With Vladimir Putin's dispatch of Russian troops into Crimea, our war hawks are breathing fire. Russophobia is rampant and the op-ed pages are ablaze here.
Barack Obama should tune them out, and reflect on how Cold War presidents dealt with far graver clashes with Moscow.
When Red Army tank divisions crushed the Hungarian freedom fighters in 1956, killing 50,000, Eisenhower did not lift a finger. When Khrushchev built the Berlin Wall, JFK went to Berlin and gave a speech.
When Warsaw Pact troops crushed the Prague Spring in 1968, LBJ did nothing. When, Moscow ordered Gen. Wojciech Jaruzelski to smash Solidarity, Ronald Reagan refused to put Warsaw in default.
These presidents saw no vital U.S. interest imperiled in these Soviet actions, however brutal. They sensed that time was on our side in the Cold War. And history has proven them right.
What is the U.S. vital interest in Crimea? Zero. From Catherine the Great to Khrushchev, the peninsula belonged to Russia. The people of Crimea are 60 percent ethnic Russians.
And should Crimea vote to secede from Ukraine, upon what moral ground would we stand to deny them the right, when we bombed Serbia for 78 days to bring about the secession of Kosovo?
Across Europe, nations have been breaking apart since the end of the Cold War. Out of the Soviet Union, Czechoslovakia and Yugoslavia came 24 nations. Scotland is voting on secession this year. Catalonia may be next.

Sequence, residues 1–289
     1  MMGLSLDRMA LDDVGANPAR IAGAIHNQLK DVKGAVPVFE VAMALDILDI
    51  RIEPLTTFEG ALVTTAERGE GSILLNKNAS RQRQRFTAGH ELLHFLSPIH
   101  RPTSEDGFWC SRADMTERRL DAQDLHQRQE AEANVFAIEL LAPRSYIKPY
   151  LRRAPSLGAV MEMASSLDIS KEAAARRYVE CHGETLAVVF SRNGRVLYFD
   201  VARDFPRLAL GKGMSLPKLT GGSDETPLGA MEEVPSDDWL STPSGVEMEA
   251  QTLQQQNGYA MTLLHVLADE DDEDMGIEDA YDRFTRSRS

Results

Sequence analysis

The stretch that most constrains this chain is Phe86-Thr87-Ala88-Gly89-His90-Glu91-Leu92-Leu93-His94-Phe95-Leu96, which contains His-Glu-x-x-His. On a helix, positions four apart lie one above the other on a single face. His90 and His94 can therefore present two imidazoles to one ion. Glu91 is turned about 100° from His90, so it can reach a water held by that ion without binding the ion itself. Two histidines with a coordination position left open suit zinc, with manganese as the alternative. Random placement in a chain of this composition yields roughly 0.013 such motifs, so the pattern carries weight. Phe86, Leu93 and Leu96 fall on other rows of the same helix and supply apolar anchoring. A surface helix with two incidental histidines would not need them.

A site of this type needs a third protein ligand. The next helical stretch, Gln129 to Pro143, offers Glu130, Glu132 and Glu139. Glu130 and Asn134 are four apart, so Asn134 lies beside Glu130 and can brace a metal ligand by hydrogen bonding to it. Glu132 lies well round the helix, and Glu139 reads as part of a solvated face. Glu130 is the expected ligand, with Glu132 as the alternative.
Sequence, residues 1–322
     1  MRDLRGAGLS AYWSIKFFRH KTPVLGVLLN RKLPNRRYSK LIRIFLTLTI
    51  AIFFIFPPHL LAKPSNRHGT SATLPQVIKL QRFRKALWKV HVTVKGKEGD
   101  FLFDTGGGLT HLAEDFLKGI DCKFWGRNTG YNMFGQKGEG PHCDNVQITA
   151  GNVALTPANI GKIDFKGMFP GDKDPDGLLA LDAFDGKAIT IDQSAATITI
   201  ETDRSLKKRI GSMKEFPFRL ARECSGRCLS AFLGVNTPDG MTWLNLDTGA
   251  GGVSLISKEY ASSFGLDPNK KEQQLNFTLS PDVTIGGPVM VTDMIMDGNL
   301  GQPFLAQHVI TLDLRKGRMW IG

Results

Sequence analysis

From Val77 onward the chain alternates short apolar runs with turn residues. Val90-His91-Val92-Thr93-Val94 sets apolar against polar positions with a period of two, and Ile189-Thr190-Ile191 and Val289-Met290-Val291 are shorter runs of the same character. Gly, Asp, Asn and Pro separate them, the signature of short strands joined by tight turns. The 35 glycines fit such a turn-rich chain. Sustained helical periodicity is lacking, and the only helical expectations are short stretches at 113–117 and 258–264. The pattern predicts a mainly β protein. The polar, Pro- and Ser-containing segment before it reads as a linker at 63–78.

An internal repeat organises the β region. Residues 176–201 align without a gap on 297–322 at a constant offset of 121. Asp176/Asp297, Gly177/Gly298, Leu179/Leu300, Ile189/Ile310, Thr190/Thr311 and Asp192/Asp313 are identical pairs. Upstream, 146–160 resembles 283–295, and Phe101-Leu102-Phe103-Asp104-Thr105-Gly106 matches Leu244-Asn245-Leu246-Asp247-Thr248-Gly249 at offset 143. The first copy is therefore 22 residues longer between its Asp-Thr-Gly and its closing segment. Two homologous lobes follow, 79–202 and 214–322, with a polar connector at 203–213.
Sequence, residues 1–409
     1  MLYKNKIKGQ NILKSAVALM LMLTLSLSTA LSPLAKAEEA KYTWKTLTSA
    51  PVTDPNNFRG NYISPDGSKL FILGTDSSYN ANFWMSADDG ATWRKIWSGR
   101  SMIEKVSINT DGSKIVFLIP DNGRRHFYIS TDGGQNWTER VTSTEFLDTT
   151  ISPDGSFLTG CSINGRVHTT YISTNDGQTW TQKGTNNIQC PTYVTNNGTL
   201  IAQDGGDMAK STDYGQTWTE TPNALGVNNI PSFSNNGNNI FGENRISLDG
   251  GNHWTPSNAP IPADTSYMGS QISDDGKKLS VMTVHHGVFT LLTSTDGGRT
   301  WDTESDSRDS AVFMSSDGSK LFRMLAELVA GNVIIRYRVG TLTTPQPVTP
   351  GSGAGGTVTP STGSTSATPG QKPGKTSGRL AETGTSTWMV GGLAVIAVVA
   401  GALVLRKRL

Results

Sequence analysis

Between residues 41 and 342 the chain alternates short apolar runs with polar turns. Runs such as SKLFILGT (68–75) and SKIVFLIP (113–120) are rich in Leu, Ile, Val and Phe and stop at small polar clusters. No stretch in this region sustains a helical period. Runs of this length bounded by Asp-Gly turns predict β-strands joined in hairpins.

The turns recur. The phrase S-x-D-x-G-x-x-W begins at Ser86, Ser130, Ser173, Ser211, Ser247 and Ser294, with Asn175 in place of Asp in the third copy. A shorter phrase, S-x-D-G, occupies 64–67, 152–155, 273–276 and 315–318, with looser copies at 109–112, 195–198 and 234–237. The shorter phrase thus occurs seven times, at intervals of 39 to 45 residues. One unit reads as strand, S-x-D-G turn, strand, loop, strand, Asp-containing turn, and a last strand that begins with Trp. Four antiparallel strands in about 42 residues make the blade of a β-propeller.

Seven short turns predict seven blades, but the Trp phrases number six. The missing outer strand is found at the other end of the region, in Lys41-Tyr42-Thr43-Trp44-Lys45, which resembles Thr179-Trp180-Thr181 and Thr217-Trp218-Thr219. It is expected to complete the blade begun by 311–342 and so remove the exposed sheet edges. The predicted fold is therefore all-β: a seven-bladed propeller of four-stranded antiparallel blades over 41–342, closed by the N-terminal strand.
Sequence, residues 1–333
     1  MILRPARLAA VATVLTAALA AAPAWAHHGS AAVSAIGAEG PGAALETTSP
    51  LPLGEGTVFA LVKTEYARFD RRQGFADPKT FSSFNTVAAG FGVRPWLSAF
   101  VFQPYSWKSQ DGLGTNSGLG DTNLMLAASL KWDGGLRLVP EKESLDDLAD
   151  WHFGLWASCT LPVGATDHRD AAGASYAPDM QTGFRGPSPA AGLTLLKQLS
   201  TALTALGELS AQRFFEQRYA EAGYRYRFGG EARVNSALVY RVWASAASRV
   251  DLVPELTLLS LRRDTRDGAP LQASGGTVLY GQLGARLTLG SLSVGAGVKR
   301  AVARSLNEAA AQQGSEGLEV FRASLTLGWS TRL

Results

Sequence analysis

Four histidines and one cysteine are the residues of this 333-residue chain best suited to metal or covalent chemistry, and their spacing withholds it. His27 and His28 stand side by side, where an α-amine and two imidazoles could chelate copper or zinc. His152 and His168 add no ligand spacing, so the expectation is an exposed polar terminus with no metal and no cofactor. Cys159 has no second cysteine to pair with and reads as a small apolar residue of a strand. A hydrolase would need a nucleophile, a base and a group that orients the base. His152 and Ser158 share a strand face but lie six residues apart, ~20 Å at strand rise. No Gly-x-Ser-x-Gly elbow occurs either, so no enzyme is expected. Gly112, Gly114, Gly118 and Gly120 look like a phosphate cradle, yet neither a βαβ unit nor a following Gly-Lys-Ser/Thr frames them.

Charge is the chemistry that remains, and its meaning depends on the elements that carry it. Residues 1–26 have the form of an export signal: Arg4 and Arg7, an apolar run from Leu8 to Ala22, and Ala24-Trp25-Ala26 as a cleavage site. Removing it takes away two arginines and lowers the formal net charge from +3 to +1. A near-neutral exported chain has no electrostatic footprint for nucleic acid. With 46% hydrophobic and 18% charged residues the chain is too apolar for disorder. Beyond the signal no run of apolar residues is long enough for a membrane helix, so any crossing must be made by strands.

Yet, today, we have the Wall Street Journal describing Russia's sending of soldiers to occupy airfields in Ukraine as a "blitzkrieg" that "brings the threat of war to the heart of Europe," though Crimea is east even of what we used to call Eastern Europe.
The Journal wants the aircraft carrier George H. W. Bush sent to the Eastern Mediterranean and warships of the U.S. Sixth Fleet sent into the Black Sea.
But why? We have no alliance that mandates our fighting Russia over Crimea. We have no vital interest there. Why send a flotilla other than to act tough, escalate the crisis and risk a clash?
The Washington Post calls Putin's move a "naked act of armed aggression in the center of Europe." The Crimea is in the center of Europe? We are paying a price for our failure to teach geography.
The Post also urges an ultimatum to Putin: Get out of Crimea, or we impose sanctions that could "sink the Russian financial system."
While we and the EU could cripple Russia's economy and bring down her banks, is this wise? What if Moscow responds by cutting off credits to Ukraine, calling in Kiev's debts, refusing to buy her goods and raising the price of oil and gas?
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